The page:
For starters, President Obama took home 73 percent of the Asian vote, 11 percentage points better than his showing with that group in 2008, and 42 percent more than Bill Clinton received in 1992.
For all the discussion about Hispanics, the number of Asian-Americans in this country grew faster than them throughout the past decade. According to the Census Bureau, the number of Asian-Americans jumped from 11.9 million in 2000 to 17.3 million in 2010, a 46 percent growth rate.
On Tuesday, Hawaii elected Democratic Rep. Mazie Hirono to the U.S. Senate, making her the first Asian elected to that body.
Hirono said that one of her role models was Patsy Mink, a Japanese-American who went on to become the first minority woman in Congress.
"I know that Patsy's looking down on me and saying, 'You go girl!'" Hirono said. "She ran for Senate, she ran for president, she ran for mayor, she ran for governor. She lost all those races. Here's a model of a woman who did not give up. That's the model I have."
Thirty Asian-American candidates ran for national office this year — the largest number ever — up from 10 in 2010 and eight in 2008. Five new Asian-American and Pacific Islanders were elected, with one race in California still too close to call.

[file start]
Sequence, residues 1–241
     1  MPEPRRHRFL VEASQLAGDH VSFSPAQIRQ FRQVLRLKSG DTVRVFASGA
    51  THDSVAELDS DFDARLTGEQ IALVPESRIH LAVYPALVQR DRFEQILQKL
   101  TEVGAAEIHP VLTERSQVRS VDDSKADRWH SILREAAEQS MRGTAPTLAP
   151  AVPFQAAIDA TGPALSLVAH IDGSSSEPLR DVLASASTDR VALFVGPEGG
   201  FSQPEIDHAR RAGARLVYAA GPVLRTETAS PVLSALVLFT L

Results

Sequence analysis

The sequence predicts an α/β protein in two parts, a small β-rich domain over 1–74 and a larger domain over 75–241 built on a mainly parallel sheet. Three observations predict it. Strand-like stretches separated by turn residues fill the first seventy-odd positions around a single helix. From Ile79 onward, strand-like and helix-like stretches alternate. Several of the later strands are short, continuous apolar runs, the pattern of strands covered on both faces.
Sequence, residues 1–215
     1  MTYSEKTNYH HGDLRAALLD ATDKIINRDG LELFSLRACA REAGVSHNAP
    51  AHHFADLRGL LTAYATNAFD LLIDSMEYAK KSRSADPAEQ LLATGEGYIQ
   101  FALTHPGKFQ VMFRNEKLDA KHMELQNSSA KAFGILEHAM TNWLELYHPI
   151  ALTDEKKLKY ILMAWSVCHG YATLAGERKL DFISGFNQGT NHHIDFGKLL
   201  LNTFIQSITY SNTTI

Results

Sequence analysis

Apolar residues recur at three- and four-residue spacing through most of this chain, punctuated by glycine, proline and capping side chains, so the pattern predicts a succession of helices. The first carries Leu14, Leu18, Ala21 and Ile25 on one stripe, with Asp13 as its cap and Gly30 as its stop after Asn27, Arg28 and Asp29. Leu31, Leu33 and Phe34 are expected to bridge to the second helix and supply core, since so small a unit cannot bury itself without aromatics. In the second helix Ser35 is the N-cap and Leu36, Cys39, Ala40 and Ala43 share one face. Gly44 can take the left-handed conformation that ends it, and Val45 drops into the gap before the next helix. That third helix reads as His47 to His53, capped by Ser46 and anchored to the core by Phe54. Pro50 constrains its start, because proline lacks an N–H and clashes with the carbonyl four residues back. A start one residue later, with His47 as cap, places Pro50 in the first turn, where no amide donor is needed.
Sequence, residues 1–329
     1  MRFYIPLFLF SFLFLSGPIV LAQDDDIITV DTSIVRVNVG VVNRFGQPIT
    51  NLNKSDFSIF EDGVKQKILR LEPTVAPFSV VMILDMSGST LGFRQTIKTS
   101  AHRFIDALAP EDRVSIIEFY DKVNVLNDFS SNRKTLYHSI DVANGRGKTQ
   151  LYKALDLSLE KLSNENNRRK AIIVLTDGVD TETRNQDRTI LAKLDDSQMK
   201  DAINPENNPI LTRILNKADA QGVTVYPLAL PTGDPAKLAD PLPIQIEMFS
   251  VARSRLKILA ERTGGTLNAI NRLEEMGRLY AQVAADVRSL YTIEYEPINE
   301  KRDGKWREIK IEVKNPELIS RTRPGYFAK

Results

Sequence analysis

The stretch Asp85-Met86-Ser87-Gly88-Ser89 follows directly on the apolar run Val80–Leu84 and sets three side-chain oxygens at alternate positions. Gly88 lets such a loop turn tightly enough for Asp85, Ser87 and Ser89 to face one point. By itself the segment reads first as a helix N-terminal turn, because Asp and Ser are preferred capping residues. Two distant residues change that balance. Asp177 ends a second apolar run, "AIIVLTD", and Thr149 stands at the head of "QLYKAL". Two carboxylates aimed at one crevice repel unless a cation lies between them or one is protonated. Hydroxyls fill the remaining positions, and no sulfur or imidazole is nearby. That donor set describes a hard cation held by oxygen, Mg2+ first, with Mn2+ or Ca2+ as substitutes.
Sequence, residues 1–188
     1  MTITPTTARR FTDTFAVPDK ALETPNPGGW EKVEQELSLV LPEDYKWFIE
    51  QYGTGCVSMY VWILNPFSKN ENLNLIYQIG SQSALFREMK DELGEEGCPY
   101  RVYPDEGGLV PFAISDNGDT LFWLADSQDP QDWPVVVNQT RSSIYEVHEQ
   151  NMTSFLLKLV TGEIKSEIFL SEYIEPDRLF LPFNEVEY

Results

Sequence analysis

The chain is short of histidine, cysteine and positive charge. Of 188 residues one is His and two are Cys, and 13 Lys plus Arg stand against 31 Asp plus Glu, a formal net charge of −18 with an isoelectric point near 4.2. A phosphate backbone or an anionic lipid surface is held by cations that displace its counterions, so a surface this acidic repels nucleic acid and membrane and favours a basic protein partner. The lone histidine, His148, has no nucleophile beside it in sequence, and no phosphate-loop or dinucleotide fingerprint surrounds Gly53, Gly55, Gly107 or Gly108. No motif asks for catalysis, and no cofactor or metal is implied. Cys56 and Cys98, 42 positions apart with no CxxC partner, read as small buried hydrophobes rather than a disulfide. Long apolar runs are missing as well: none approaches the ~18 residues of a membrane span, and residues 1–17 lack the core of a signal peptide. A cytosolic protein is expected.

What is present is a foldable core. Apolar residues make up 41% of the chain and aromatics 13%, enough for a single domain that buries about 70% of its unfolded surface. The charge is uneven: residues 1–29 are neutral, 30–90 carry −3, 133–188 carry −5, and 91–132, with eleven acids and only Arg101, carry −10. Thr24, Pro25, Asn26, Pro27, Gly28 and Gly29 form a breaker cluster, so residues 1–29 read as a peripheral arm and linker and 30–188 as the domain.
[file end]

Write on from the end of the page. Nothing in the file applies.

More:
The Asian population was up everywhere in the U.S. throughout the past decade, but as always, California seems to lead the way in terms of the demographic's voter registration. Representing eight percent of the electorate, 1.4 million registered Asian-American voters live in California. In fact, Asian-American and Latino voters account for 90 percent of all new voters added to California’s rolls in the past two decades, said Mark DiCamillo, director of California's Field Poll.